posting property with "no trespassing" "no hunting" signs

This is indeed a ticklish subject! When “No Hunting” signs began to appear in the 1970s, my mother, who hunted deer wearing a little red blazer she sewed herself, painted some cheeky signs to post around our property: “Yes Hunting!” Mom is a wildlife biologist, not a bloodthirsty maniac. She thought it sensible to control the deer population by eating them, rather than by barreling into them at dusk in the family station wagon.

Maine has a long tradition of hunting wherever the deer (or trout or clams) might lead. In fact, by law, you’re free to hunt on any land that’s not explicitly posted otherwise. But a series of horrible hunting accidents and increasing urbanization have made more homeowners fearful that their children or pets could be killed in the backyard. So when I ran this question past George Smith, of Mount Vernon, a longtime hunting advocate and former executive director of the Sportsman’s Alliance of Maine, he was notably unoffended.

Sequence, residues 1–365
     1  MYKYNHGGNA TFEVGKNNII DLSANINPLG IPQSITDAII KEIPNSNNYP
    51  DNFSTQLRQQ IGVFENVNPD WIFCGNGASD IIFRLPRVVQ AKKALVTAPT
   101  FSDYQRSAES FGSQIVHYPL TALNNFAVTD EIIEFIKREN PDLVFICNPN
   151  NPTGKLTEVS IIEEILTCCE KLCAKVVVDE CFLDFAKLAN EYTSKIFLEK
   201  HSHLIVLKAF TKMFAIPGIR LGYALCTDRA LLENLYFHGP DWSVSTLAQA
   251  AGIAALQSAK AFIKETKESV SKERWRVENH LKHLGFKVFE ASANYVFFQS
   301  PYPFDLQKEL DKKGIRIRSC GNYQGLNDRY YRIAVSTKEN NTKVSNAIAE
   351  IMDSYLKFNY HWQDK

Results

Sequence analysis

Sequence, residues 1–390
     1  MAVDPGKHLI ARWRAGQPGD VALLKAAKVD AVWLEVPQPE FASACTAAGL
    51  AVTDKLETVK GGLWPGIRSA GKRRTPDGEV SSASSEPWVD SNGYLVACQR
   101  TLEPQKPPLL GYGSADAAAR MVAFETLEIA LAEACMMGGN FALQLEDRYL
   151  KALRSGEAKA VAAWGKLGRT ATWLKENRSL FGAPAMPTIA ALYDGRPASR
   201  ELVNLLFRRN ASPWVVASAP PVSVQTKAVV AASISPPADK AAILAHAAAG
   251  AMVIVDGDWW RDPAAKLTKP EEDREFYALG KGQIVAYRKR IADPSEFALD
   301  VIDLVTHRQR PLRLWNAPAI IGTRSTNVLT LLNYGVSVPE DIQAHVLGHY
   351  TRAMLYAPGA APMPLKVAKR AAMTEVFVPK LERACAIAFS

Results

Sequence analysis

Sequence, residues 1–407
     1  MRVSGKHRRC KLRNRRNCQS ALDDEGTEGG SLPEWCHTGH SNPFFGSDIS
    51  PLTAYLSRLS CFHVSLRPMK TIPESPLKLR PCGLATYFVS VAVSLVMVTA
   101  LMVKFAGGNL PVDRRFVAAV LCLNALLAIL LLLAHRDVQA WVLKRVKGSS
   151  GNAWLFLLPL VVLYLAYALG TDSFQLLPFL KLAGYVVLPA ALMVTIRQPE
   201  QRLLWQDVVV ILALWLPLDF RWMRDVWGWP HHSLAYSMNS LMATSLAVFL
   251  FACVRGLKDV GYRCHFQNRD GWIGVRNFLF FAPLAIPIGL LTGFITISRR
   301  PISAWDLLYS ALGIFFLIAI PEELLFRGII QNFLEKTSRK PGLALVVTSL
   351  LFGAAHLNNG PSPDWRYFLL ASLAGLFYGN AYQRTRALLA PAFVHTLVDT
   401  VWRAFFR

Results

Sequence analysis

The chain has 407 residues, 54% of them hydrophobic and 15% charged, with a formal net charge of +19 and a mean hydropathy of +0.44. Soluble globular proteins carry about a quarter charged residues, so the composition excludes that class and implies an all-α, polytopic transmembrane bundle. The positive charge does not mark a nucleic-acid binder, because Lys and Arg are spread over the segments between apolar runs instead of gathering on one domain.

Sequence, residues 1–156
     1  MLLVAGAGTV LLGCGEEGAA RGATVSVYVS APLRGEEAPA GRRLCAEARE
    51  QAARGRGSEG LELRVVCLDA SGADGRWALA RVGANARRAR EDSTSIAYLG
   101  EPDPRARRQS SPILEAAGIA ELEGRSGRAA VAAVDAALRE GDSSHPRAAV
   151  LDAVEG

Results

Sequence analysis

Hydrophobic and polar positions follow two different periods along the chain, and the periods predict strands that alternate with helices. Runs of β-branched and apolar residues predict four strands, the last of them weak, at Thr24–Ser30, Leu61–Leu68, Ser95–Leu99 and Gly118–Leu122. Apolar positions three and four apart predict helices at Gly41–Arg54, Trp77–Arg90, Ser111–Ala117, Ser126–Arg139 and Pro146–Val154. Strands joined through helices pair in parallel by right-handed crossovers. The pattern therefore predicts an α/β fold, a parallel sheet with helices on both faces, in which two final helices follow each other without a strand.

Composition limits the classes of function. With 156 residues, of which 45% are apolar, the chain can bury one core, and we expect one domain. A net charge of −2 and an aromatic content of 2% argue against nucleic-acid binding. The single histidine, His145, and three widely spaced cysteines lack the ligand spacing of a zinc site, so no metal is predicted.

“There are all kinds of reasons to post your land,” he says, “including just wanting to know who’s using it and where they’re going to be.” Even his own property is posted “Hunting With Permission Only.” He grants access to anyone who asks, but the personal connection has eliminated the trash people used to leave behind. If a burgeoning deer population is mowing down your azaleas or blocking your driveway, this may be the ideal solution.

Our wraparound porch has a flat roof and we are worried about wet snow accumulating there. What do you suggest?

JILL TURNER ODICE, AUGUSTA
flat roofs in maine

Flat roofs aren’t common in these parts, for reasons that may be obvious. Nonetheless, both flat-roofed apartment buildings and mansions can be found among the old-house population, and a porch roof is almost always flatter than the primary one.

The good news? Flat roofs were built to stand up to the snow load. The bad? They were also built with little to no insulation. In the old days, this allowed heat from the home to rise and melt the rooftop snow. The water would run off (flat roofs are actually slightly tilted), lightening the load. Adding insulation to an old building alters this balance. Snow is more likely to linger and grow heavier as it becomes saturated with water.